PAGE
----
Chef Vuong Loc
Portage and Pig ’n Whistle | Seattle
Vuong Loc was born in Vietnam where his mother was a chef. Later, as refugees from the Vietnam War, Vuong’s family landed in a camp in Malaysia for nearly two years. Then, a church group in Western Michigan sponsored his family to start their new American life in Portage, Michigan.
Vuong graduated from high school and entered Western Michigan University; he soon realized that he liked cooking more than studying and applied to the Culinary Institute of America in Hyde Park, New York. At the CIA, Vuong met his wife, Tricia, another graduate of the class of 1998. Following graduation they moved to Florida, where Vuong went to work for The Ritz-Carlton. In 1999 they moved to Las Vegas, where Vuong worked at Aureole in the Mandalay Bay Hotel before taking a sous chef position with the Patina Group out of Los Angeles. He remained there for nearly three years, helping to open Pinot Brasserie in the Venetian Hotel in Las Vegas.
In 2000, Vuong and Tricia returned to Michigan for a short period, but after visiting friends in Seattle, they opted to stake their claim and move west to Seattle to start a family and open their own restaurant. Loc’s daughter was born in June 2006 and in August, just two months later, they opened Portage, named after Vuong’s Michigan hometown.
Since then, the Locs have opened Pig ‘n Whistle, a bar with high-quality pub food in their neighborhood of Greenwood. If they decide to open another restaurant, Vuong says he’d like to return to his roots with upscale Vietnamese fare.
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Heather Sperling: How did you get started in food, and where have you worked?
Vuong Loc: My first food job was working in an Indian restaurant in my hometown of Portage, Michigan. I was like 12 and I got a job on the line. The chef was a friend of my mom's, and used to buy chili peppers that my mother grew from us.
My wife and I went to CIA and we've worked all over. We were at The Ritz-Carlton in Florida for a while, and then we moved to Vegas. I was at Aureole and Pinot Brasserie, and she was at Le Cirque. We moved back home (to Portage, Michigan) for family reasons, but also spent some time in California, where I was with the Patina group. We tried to open a restaurant in Michigan, but the liquor license was really challenging. We were always visiting friends in Seattle, and it's actually very feasible to get a license here.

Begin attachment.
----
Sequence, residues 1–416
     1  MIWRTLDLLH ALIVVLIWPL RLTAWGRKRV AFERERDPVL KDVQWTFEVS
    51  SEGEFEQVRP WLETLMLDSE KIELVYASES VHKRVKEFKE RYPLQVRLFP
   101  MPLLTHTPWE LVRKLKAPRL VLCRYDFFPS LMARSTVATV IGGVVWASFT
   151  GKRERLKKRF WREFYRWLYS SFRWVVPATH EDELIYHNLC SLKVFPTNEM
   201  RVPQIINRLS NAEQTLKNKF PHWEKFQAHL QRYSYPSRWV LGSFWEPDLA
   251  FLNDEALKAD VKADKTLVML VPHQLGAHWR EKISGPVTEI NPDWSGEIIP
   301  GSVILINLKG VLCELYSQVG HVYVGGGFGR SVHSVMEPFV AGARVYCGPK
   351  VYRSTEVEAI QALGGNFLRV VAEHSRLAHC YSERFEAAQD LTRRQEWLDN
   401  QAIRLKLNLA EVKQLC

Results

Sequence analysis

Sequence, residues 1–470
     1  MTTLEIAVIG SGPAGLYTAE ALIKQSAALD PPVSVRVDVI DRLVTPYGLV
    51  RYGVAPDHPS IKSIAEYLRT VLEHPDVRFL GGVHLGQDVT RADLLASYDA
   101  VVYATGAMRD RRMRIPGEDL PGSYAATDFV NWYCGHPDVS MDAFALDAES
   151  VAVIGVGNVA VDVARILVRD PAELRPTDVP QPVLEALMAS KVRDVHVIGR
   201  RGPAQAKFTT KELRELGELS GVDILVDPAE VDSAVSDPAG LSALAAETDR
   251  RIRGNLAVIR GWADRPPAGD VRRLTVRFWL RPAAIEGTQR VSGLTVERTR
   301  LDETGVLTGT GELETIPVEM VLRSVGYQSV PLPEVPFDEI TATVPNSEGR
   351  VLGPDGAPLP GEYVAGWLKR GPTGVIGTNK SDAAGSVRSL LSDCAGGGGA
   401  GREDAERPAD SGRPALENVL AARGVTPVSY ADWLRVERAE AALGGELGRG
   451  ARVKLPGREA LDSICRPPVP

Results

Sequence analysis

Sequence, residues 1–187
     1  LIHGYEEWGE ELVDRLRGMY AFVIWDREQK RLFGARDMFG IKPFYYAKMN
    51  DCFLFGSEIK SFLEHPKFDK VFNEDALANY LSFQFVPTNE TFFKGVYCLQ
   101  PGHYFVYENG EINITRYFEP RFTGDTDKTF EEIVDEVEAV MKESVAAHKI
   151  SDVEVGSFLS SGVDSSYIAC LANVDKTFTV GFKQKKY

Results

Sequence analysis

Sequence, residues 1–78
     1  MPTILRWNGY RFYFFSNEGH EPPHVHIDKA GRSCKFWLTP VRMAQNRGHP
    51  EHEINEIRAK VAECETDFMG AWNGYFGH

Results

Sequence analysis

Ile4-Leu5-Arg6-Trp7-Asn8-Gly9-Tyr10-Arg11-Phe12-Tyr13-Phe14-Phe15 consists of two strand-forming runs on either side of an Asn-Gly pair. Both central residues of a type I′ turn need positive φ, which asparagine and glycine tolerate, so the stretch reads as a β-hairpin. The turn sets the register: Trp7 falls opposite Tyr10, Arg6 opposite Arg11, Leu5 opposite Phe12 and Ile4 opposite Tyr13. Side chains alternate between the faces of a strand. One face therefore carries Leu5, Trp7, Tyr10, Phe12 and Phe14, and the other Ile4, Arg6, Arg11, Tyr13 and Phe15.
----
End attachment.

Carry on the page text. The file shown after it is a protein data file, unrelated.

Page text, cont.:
We opened Portage in 2006, and then Pig ‘n Whistle in 2008. Tricia, my wife, does most of the bookkeeping for both restaurants and is the manager here too. Another reason we opened this place is because there's nowhere to get a good burger!
HS: Would you recommend culinary school?
VL: I would. It's definitely not for everyone though. You have to put the effort into it—you get out what you put in.
HS: Who are your mentors?
VL: The person I worked the longest with was Brian Bennington from Patina, and also Octavio Passera, who owns Pino Bistro. He and Joachim [Splichal] were partners—Joachim owned Patina, and Octavio owned Pino Bistro, and the group sprung from there.
I really like Daniel [Boulud's] approach to food. It’s so classical and all the stuff that people do that they think is so ground-breaking, chefs like Daniel have been doing it for 30 years. I try to model my cooking after him. I think his old, classic, simple approach to things is compelling. I've never met the guy; I've only been to two of his restaurants.
HS: What do you ask a potential cook to get a sense whether they’re right for your kitchen?